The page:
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Cash Bail Is Sticking Around For Now As Attorney General Takes SAFE-T Act Fight To State Supreme Court

Gov. JB Pritzker expects the top state court to make a ruling "in the next few months."

A member of Asian Americans Advancing Justice at a protest against cash bail in September 2020.
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CHICAGO — A law set to abolish cash bail in Illinois is on hold as the state’s highest court weighs its constitutionality.

In the meantime, cash bail is still in effect state-wide — despite a long-held plan by top state legislatures to have it struck down Jan. 1.

State Attorney General Kwame Raoul filed an appeal to the state’s Supreme Court on Wednesday after a downstate county judge deemed the pretrial release provision of the the Illinois SAFE-T Act unconstitutional.

Kankakee County Chief Judge Thomas W. Cunnington’s Dec. 28 decision sided with various sheriffs and prosecutors across the state who argued the law violated separation of powers by weighing in on the judicatory process.

The ruling led to confusion about the immediate future of cash bail mere days before it was set to end. But in the final hours of 2022, the state Supreme Court filed an “emergency motion” to keep cash bail across the state “to maintain consistent pretrial procedures” while the law was debated in top court.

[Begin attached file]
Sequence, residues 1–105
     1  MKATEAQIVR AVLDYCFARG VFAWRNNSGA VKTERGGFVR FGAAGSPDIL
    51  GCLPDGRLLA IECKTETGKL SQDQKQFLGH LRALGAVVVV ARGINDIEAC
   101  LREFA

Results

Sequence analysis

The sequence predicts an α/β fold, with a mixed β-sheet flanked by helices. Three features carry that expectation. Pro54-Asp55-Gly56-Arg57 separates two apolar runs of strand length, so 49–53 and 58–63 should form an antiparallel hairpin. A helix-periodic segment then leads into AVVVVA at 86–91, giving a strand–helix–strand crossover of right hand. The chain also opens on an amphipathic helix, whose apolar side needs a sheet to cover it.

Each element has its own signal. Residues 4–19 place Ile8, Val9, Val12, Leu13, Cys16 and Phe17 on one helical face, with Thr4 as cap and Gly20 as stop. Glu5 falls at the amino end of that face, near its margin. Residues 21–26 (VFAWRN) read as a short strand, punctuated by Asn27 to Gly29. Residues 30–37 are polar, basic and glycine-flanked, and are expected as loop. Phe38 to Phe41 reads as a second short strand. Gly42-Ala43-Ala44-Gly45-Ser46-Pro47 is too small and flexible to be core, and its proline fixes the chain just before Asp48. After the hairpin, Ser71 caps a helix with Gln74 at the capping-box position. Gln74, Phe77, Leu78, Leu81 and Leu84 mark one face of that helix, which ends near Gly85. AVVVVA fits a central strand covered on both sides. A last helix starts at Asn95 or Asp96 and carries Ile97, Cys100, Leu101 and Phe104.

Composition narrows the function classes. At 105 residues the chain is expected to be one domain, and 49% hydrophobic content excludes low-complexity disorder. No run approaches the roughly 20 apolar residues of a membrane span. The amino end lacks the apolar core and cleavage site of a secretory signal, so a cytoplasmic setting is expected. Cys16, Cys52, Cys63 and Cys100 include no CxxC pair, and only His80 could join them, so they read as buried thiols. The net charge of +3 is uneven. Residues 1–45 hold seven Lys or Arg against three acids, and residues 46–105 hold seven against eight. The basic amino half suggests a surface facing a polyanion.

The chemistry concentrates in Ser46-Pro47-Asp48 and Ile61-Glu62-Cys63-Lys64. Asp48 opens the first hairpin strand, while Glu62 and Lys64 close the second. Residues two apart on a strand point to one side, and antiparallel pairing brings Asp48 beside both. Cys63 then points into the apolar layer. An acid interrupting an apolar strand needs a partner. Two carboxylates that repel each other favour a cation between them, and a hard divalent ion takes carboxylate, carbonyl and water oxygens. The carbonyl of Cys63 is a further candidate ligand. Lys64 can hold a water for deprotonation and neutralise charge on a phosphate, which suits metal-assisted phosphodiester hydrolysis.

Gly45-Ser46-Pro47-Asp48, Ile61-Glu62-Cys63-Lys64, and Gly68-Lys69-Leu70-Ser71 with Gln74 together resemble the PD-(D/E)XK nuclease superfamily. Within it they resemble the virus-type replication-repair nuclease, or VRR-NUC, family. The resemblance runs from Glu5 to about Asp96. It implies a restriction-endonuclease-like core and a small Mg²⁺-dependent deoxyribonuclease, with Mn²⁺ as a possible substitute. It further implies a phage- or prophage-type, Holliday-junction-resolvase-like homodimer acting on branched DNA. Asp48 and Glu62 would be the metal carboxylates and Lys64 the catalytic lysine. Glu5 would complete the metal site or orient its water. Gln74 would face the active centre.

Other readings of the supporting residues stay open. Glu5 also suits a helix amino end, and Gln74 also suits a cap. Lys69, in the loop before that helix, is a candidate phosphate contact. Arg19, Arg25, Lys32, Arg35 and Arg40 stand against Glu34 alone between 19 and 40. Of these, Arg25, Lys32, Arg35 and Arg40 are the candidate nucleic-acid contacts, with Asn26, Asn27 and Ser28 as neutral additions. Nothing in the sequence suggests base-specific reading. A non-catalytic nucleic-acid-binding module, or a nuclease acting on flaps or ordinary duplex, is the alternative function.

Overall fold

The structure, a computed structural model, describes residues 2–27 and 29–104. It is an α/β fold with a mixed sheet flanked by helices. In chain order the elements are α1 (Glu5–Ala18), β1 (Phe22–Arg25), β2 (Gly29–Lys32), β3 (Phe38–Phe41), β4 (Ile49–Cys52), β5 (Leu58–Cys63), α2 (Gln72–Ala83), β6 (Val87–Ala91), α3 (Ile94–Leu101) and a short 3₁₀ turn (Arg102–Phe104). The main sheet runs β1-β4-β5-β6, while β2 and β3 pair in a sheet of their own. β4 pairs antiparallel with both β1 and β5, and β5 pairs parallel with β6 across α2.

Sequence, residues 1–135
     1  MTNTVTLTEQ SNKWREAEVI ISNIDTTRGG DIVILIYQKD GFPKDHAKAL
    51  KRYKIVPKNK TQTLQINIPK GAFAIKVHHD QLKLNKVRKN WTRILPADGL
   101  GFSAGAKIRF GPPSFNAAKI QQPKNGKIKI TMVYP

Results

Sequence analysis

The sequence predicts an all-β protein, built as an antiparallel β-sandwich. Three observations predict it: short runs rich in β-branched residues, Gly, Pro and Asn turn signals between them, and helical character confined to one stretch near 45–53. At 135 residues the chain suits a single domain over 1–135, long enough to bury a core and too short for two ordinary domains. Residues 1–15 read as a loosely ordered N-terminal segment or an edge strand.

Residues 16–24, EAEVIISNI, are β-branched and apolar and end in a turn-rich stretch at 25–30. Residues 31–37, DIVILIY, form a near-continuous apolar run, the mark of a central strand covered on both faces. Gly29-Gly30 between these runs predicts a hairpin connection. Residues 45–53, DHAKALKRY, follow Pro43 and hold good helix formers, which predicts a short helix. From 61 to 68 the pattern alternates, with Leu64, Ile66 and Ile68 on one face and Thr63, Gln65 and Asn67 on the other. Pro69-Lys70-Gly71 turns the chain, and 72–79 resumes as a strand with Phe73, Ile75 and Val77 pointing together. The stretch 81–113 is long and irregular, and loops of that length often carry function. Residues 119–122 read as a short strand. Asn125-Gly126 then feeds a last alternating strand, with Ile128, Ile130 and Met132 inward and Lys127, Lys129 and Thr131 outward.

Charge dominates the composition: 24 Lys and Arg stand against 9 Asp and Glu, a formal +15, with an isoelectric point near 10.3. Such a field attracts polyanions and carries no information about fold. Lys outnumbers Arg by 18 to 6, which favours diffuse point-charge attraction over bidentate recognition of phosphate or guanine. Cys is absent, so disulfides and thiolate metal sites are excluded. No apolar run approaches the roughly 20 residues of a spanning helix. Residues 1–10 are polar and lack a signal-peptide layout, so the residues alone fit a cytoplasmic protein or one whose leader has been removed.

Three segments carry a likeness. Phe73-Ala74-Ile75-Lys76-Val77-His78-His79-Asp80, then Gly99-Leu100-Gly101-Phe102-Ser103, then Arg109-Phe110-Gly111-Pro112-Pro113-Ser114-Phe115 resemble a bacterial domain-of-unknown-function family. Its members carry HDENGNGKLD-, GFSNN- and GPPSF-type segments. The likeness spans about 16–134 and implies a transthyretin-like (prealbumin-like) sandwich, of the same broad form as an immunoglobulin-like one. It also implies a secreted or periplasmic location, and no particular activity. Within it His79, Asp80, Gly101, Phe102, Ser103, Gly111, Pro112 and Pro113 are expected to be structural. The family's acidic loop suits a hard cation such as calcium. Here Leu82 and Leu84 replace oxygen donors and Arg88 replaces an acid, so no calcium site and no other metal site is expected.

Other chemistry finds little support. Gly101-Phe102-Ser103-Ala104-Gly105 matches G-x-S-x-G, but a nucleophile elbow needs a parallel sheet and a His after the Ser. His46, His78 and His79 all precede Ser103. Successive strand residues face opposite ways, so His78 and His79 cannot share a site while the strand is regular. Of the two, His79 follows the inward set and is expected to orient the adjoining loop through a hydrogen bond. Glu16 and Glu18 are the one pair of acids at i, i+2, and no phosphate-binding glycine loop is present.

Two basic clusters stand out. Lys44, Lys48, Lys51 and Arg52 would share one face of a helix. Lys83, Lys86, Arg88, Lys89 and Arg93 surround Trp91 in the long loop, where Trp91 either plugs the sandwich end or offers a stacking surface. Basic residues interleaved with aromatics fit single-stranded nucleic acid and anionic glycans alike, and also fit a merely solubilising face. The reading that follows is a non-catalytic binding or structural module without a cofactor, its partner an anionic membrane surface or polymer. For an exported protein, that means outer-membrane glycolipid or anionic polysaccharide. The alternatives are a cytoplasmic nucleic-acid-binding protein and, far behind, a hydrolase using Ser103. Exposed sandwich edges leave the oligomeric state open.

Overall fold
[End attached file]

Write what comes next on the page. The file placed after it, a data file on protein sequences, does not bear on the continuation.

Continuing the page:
Gov. JB Pritzker told reporters Wednesday he expects the state Supreme Court to make a ruling “in the next few months.”

For now, cash bail remains in limbo. Advocates are still hopeful it will ultimately be struck down state-wide, Pritzker said.

“There is common and comfortable belief that this is constitutional,” Pritzker said at his Wednesday news conference. “I’m disappointed there is a delay in the implementation. …. Someone who’s wealthier shouldn’t just be able to buy their way out of jail when they commit a violent crime.”

Despite widespread misinformation on social media, the SAFE-T Act does not mean jails would empty out or judges would lose their authority to detain someone who poses a danger. It removes cash bail as a standard in pre-trial procedures.

Advocates for the Safe-T Act say eliminating cash bail would be more equitable for people — particularly those who are low-income or are from disproportionally policed communities — who have not been convicted of crimes but remain in prison because they can’t afford bail.

Illinois would be the first state to completely eliminate cash bail. New Jersey mostly scrapped cash bail in 2017, acknowledging its court system had long discriminated against the poor.

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